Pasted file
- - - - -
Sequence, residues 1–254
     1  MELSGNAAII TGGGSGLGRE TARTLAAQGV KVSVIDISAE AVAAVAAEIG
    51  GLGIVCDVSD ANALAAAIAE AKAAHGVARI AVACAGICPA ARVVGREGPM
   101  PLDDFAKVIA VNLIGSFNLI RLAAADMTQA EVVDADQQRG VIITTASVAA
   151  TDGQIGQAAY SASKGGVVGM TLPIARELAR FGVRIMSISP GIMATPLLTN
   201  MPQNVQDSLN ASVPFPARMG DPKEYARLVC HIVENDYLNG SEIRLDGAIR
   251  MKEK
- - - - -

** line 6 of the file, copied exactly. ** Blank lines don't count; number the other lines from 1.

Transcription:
   201  MPQNVQDSLN ASVPFPARMG DPKEYARLVC HIVENDYLNG SEIRLDGAIR